Child Development
Papers 9309
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#1Monica E. Ellwood-Lowe (University of California, Berkeley)H-Index: 3
#2Catherine Berner (University of California, Berkeley)
Last.Mahesh Srinivasan (University of California, Berkeley)H-Index: 8
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#1Sheina Lew-Levy (University of Cambridge)H-Index: 2
#2Adam H. Boyette (Duke University)H-Index: 8
Last.Michael E. Lamb (University of Cambridge)H-Index: 80
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#1E. Sabrina Twilhaar (VU: VU University Amsterdam)H-Index: 3
#2Artem V. Belopolsky (VU: VU University Amsterdam)H-Index: 23
Last.Jaap Oosterlaan (VU: VU University Amsterdam)H-Index: 62
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#1Julia A. Leonard (MIT: Massachusetts Institute of Technology)H-Index: 9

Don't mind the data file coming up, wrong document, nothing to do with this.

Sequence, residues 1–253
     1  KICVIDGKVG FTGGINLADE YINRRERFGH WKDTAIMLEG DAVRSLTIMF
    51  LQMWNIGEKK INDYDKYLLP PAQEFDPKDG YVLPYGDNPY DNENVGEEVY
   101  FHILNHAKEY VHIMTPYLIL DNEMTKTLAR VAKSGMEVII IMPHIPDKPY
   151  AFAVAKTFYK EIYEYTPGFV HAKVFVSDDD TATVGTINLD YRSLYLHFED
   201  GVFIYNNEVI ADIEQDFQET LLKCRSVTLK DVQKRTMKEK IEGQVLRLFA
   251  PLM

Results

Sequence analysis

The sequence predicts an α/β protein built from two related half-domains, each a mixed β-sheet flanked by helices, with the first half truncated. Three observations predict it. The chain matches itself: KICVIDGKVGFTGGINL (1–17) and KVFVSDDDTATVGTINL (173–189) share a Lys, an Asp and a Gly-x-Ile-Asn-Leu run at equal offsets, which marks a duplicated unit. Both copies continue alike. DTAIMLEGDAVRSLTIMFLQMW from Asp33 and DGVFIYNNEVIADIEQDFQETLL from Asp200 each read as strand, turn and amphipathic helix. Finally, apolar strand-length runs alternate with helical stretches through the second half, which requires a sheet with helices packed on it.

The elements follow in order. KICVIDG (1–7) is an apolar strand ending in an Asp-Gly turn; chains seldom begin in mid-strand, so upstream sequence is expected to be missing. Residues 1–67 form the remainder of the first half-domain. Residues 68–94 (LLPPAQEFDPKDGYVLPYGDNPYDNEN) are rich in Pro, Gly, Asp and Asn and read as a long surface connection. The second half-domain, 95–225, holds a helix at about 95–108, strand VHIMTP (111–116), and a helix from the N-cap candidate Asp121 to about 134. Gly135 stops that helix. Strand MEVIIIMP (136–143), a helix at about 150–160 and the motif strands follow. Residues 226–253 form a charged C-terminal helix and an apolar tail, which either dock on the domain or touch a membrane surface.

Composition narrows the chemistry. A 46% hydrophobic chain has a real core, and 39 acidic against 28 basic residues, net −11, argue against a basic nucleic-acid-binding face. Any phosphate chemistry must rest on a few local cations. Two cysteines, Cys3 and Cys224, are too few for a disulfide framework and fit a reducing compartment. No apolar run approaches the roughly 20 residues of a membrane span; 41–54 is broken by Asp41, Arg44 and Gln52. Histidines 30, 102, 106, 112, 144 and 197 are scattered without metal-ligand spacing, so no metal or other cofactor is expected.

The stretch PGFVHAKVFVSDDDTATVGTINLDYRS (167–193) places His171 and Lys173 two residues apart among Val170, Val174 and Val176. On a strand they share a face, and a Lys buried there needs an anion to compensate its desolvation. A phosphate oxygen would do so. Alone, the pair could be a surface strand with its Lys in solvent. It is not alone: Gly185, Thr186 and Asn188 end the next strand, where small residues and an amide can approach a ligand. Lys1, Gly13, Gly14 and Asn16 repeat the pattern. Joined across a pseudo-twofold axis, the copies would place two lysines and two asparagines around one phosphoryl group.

#2Andrea Garcia (MIT: Massachusetts Institute of Technology)
Last.Laura Schulz (MIT: Massachusetts Institute of Technology)H-Index: 26
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#1Lydia Laninga-Wijnen (UU: Utrecht University)H-Index: 5
#2Zeena Harakeh (UU: Utrecht University)H-Index: 19
Last.Wilma A. M. Vollebergh (UU: Utrecht University)H-Index: 63
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#1Rogier Verhoef (UU: Utrecht University)H-Index: 1
#2Sophie C. Alsem (UU: Utrecht University)
Last.B. Orobio de Castro (UU: Utrecht University)H-Index: 27
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#1Andrew Simpson (University of Essex)H-Index: 14
#2Daniel J. Carroll (University of Sheffield)H-Index: 10
Inhibitory control is the capacity to suppress inappropriate responses. It is regarded as a unitary construct, central to executive function and effortful control, as well as many aspects of child development. There are, nevertheless, significant gaps in our understanding of inhibition’s early development, and several robust findings that remain hard to explain. These findings are outlined, and a new perspective on inhibitory control presented, which explains them by distinguishing between two w...